WARNING - content including coarse language and/or sexual content may be offensive to some.
a short story by Mark Kolke
July 25, 2011
It hurt far less than last time.
“Norton Bishop, it is the decision of this panel that your parole is denied”, and his gavel made contact with the oak table – a weird crack sounded throughout the hearing room, when Parole Hearing Chairman Harvey Aboudian bellowed with his disdainful snarl, “and we are adjourned”.‘Oh, Mr. Norton, one more thing for you to be aware of; in our written findings we confirmed that you are eligible to re-apply for parole in six months.Your attorney Ms. Winston will explain the ruling to you. That is all”.
The dank parole board hearing room at ArizonaStateHospital’s prison wing fell silent. Everyone filing out and mumbling inaudibly among themselves, booking golf games or lunch I expect, rather than any discussion of my case. Soon it was me, my legal aid attorney Shelby Winston, and Isaiah Hayes, the guard waiting to take me back to my room.It was a cell by another name, but they called it my room.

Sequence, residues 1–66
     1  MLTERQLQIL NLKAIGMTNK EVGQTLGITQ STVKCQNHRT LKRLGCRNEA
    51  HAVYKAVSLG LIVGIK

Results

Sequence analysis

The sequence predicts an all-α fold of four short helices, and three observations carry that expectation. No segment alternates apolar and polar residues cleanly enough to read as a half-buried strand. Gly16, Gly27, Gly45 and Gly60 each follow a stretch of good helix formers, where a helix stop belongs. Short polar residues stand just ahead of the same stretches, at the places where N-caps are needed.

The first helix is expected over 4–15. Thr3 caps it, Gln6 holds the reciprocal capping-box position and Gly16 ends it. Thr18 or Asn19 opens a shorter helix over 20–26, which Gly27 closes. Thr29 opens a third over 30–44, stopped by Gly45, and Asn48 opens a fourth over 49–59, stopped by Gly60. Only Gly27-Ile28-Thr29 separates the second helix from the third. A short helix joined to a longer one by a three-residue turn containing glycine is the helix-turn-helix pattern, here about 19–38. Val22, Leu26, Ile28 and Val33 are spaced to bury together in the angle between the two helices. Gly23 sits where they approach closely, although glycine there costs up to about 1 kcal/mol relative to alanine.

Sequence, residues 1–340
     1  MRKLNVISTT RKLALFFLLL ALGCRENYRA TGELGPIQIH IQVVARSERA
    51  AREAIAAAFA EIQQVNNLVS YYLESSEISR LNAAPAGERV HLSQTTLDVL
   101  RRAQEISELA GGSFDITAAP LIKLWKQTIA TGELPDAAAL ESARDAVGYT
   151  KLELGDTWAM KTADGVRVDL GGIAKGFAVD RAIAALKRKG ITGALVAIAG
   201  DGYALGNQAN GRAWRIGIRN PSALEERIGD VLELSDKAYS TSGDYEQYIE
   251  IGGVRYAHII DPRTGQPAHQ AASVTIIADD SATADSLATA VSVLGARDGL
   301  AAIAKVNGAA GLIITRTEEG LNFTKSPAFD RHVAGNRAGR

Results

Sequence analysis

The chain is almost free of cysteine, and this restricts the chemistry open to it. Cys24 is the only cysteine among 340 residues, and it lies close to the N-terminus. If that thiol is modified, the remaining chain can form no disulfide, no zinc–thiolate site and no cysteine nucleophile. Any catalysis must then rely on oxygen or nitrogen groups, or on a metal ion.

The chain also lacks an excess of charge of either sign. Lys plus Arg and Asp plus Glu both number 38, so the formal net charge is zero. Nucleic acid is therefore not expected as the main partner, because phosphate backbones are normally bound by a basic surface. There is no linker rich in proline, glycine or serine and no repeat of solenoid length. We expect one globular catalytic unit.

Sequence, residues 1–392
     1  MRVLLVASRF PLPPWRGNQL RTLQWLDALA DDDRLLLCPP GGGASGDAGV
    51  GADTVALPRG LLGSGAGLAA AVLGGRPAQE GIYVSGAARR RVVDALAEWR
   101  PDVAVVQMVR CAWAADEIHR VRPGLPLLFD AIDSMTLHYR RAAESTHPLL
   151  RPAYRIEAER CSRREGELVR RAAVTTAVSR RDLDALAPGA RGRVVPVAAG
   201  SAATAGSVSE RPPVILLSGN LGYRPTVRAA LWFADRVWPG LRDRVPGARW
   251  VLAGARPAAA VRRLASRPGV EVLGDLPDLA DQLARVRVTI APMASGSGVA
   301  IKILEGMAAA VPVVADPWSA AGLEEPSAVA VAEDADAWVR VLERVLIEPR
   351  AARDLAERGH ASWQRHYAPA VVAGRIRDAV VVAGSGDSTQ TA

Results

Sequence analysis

“If I’d killed her; I mean, if I’d been convicted of murder, I’d have been paroled out of here long ago.Why couldn’t I have done that?Dammit, I’m innocent of these lousy fraud charges, and never got a dime I didn’t earn. Why can’t they see that after all this time?”
“Norton, I know you are frustrated, but this was a parole hearing – not your appeal, but we made progress this time.As the chairman said, you come up for parole eligibility again in six months. We’ll try again, and again and again if we have to, to get you home again,” came soft soothing words.I’m no longer so sure Shelby is as good an attorney as I need to finally get some vindication, but I’ve grown a sense of attachment to her to the point I don’t know what I would do if I changed attorneys.
I could get another attorney, but where would I get another friend?More importantly, where would I find someone else who believed in me?
Stupid question?I’m stuck in this hell-hole with no capacity to find friends outside here and no desire to make any in here, which leaves attorneys from legal aid as my sole source of new friendship.
Old friends abandoned me a long time ago.